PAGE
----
Fallout from Neil Jordan disowning his Riviera TV series continues

Sky drops Riviera from the Iftas after creator and co-writer Jordan disowned the super-lavish series earlier this year

The trailer for Sky Atlantic series, Riviera, starring Julia Stiles.

 

Hold on to your diamond-cut champagne glasses – there’s high drama on Sky show Riviera as the broadcaster has declined to submit it to the Irish Film and Television Academy (Ifta), despite – and indeed because of – Neil Jordan’s involvement.

Nominations for entry to the 2018 Iftas awards closed on Friday, November 17th. And while other major productions featuring “talented Irish people working in the film and television industries in Ireland and internationally”, such as Game of Thrones, were put forward, Sky omitted Riviera from its entry list, given it had been openly disowned by its creator and co-writer Neil Jordan.

The Oscar-winning film-maker bluntly said: “I can’t claim it’s mine. If I had been in control of the thing it would have been quite different.”

A source told The Irish Times that it was decided not to nominate the series given the sensitivities around Neil Jordan’s relationship with the show.

The glossy series in question, filmed in the French Riviera and concerning the high drama of a drippingly wealthy family whose billionaire father is seemingly killed in a yacht explosion, boded well when it was launched in June on Sky Atlantic.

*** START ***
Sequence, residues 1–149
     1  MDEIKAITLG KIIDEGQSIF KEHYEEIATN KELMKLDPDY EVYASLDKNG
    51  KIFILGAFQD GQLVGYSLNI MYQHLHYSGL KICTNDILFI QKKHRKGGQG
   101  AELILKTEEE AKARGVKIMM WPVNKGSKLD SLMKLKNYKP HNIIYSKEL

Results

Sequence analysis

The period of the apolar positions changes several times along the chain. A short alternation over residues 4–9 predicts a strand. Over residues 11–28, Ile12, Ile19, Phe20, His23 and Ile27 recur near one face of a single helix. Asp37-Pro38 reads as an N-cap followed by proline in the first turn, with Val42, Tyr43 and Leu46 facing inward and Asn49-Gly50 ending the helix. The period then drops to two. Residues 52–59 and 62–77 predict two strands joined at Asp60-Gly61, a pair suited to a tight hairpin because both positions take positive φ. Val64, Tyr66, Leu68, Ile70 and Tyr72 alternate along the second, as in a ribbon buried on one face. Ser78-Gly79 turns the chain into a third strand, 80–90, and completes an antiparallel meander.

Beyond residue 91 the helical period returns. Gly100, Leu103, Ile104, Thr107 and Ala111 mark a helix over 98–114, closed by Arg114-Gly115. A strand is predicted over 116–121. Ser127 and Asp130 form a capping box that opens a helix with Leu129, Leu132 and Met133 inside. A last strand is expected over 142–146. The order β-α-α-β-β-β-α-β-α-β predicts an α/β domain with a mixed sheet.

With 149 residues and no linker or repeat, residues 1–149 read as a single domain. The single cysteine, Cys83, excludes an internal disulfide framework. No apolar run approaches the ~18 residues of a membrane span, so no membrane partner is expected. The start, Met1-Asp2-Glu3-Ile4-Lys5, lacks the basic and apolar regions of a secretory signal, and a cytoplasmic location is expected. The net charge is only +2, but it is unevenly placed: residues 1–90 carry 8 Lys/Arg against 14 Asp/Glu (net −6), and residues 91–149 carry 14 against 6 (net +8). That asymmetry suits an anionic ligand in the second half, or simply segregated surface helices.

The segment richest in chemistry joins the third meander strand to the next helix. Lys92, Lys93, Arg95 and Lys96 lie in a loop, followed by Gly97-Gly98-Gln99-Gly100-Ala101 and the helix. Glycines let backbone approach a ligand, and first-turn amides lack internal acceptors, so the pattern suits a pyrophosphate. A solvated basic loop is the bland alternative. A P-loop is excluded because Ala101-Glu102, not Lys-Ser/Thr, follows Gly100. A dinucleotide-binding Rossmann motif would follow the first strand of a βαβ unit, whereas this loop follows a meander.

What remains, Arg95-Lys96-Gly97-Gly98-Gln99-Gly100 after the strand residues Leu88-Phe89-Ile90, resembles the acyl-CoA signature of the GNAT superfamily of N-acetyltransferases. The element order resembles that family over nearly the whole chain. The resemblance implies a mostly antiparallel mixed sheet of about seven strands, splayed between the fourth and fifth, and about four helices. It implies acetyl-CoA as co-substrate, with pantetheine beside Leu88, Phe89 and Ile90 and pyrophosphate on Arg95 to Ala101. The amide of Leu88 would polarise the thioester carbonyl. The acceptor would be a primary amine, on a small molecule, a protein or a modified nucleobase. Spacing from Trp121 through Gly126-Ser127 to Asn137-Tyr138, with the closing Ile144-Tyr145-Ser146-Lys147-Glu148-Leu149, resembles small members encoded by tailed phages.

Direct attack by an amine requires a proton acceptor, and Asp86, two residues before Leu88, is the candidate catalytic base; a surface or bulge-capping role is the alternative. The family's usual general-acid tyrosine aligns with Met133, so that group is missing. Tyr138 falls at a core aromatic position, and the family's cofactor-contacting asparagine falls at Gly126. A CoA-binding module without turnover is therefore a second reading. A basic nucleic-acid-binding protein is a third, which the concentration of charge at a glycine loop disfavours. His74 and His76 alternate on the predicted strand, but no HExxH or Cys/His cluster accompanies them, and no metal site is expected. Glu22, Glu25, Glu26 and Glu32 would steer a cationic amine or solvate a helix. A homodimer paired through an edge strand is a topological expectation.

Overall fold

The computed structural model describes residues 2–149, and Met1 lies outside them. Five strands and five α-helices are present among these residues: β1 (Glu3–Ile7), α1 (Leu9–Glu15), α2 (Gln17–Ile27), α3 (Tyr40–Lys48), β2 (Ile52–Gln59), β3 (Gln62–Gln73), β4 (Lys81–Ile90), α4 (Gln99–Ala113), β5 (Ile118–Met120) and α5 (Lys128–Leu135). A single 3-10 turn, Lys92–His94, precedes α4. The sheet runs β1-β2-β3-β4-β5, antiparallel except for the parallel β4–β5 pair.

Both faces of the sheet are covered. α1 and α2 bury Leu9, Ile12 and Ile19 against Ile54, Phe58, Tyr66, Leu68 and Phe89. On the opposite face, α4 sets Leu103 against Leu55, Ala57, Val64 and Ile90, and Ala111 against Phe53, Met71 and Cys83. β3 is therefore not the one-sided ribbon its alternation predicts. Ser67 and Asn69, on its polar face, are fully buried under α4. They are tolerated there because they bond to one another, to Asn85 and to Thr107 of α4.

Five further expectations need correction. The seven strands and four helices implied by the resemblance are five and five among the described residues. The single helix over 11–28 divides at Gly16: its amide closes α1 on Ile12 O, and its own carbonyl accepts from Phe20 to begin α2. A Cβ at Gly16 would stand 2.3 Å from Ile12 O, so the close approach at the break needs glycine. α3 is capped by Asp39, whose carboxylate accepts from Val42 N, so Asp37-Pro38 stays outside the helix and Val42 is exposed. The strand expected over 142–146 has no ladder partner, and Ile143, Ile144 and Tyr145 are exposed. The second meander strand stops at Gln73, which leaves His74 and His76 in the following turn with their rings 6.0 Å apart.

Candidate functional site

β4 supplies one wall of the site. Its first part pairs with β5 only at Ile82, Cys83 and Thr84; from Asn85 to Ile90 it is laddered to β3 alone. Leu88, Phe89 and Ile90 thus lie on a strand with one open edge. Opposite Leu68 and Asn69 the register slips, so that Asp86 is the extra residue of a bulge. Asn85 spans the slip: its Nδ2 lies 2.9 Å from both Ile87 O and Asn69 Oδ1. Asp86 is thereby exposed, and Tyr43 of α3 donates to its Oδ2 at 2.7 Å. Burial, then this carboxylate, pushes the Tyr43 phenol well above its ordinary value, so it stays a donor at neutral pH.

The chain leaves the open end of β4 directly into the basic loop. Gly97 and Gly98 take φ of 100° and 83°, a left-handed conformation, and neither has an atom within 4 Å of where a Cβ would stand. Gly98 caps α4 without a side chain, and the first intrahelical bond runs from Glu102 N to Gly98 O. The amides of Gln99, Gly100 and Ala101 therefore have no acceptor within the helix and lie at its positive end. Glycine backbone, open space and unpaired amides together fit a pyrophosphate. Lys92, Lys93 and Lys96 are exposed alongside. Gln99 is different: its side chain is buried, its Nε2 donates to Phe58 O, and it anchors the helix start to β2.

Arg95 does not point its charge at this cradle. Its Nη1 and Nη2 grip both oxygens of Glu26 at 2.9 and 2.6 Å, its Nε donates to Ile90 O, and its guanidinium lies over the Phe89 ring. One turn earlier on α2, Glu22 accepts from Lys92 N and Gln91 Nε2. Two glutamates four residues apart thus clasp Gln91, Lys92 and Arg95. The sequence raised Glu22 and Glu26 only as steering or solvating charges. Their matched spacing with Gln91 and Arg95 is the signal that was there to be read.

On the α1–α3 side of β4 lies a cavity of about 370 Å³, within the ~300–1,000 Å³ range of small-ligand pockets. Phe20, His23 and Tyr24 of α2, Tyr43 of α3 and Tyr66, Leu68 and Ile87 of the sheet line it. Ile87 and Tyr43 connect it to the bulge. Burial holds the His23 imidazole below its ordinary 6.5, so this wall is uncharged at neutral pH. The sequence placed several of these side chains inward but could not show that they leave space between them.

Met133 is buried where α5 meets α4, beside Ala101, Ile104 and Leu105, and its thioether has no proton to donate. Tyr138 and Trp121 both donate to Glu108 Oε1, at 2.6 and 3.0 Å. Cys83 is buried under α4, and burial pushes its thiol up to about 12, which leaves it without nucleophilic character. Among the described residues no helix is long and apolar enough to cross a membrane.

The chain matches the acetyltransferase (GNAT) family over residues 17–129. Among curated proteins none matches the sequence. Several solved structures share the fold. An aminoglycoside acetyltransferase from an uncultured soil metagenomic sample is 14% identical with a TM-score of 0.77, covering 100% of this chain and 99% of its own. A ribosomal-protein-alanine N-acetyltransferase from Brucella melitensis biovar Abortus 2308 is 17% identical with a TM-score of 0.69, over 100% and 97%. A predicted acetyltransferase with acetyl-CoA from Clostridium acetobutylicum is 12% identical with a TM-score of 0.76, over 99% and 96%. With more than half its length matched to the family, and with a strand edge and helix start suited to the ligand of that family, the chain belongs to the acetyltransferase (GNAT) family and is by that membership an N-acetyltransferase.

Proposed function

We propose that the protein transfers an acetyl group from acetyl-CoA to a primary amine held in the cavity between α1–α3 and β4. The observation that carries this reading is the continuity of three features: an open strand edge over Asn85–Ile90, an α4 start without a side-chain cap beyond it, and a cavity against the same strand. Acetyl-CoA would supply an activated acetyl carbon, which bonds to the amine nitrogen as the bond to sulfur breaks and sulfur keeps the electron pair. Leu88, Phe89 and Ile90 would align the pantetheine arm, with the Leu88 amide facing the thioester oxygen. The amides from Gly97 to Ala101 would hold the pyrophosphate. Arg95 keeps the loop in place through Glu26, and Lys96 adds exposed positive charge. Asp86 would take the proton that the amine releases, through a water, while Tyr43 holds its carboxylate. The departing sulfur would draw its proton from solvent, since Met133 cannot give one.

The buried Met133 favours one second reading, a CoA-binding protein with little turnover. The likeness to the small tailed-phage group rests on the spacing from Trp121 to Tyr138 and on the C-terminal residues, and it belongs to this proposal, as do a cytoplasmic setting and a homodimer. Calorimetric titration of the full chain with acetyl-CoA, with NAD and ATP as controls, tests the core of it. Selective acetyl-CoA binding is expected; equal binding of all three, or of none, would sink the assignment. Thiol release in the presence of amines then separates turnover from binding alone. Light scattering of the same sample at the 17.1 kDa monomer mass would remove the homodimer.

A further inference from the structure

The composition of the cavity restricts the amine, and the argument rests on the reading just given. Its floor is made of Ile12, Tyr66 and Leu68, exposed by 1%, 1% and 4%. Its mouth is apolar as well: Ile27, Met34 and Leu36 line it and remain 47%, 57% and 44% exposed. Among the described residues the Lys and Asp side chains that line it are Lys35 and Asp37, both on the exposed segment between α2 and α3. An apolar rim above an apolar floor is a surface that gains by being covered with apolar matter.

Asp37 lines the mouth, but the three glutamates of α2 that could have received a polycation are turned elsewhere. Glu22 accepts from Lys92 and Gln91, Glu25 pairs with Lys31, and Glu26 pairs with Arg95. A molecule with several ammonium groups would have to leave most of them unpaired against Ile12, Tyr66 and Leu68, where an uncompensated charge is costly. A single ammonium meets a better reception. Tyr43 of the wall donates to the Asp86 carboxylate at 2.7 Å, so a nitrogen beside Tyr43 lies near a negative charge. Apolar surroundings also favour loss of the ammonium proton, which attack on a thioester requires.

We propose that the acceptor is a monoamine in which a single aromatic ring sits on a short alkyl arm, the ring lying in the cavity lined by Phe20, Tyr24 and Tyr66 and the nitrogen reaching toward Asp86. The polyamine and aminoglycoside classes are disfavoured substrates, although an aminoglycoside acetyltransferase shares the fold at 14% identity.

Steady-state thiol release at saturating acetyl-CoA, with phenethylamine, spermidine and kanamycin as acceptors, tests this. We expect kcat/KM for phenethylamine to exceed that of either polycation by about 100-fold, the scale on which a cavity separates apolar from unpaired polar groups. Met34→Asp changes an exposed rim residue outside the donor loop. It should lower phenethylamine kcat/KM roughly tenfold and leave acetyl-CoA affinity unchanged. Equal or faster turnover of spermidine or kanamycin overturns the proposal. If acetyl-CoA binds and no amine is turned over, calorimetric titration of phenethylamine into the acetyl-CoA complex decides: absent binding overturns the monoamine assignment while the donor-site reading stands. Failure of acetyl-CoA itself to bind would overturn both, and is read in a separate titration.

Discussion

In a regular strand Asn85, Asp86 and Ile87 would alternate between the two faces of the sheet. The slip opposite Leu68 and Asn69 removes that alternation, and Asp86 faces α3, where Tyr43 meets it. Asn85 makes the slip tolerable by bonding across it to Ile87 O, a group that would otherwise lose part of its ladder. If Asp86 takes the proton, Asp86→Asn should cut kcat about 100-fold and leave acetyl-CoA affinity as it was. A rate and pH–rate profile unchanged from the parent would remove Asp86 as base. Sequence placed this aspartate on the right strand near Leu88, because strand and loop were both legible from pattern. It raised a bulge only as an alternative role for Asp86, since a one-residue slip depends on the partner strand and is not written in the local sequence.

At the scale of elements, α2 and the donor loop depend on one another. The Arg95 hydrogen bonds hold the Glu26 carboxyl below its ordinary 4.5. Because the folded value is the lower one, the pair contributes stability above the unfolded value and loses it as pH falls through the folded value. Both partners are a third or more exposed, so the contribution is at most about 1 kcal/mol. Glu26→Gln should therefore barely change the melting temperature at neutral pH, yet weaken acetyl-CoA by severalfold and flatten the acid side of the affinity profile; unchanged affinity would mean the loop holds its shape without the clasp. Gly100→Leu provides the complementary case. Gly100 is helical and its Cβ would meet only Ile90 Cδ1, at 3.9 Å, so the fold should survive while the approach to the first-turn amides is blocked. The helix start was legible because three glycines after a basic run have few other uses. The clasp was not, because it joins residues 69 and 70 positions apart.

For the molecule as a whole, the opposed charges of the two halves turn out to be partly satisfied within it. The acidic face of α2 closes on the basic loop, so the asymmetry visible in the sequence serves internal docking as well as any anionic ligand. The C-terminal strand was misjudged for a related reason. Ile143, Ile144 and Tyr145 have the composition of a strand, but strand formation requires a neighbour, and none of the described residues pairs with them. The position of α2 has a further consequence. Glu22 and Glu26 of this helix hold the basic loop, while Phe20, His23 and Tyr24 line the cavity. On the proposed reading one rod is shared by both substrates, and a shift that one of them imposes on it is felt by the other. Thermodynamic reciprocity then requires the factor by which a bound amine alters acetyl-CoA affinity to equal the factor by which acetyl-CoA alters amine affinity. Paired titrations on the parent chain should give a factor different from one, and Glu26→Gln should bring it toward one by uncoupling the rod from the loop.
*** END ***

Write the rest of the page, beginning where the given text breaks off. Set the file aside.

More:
Originating with an idea from U2 manager Paul McGuinness and picked up by production behemoths HBO, it was a big-budget drama for which the Oscar-winning Jordan was originally brought on as showrunner. He co-wrote the first two episodes with Booker Prize winning author John Banville, and its beautiful-people cast included Julia Stiles, Lena Olin and Iwan Rheon.

Neil Jordan: ‘All I can say is, good luck to them.’ Photograph: Eric Luke
Neil Jordan: ‘All I can say is, good luck to them.’ Photograph: Eric Luke

Jordan complained that the two episodes had been rewritten. “They were changed, to my huge surprise and considerable upset. There were various sexual scenes introduced into the story and a lot of very expository dialogue. I objected in the strongest terms possible.”

“It’s being described as Dynasty sur mer,” he added. “It was quite distressing for John and for myself, the way it proceeded.”

Despite the power, talent and money involved and a number of creative differences later, the result was something thatIrish Times critic Patrick Freyne succinctly described as “Eldorado meets the How to Spend It supplement of the Financial Times meets Scooby Doo”.

Riviera stands with a “tomato splat” 58 per cent score on review aggregator Rotten Tomatoes.

Still, Sky have announced it would return for a second season on Sky Atlantic and NOW TV, as the figures remain respectable: it racked up 20 million downloads and views through Sky’s digital channels, more than critically-acclaimed series such as Billions or the Emmy Award-winning Big Little Lies, starring Nicole Kidman and Reese Witherspoon.

The news was unveiled at the launch of Sky’s 2018 highlights, where other acquisitions were revealed to include Britannia, a Roman invasion epic drama starring David Morrissey, Zoë Wanamaker and Mackenzie Crook; Patrick Melrose in which Benedict Cumberbatch takes the title role; and Gangs of London, starring and written by The Walking Dead/Snatch star Lennie James.

An air date for the second series of Riviera is still to be confirmed; in any case, we won’t hold our breath that Neil Jordan will attend the premiere.

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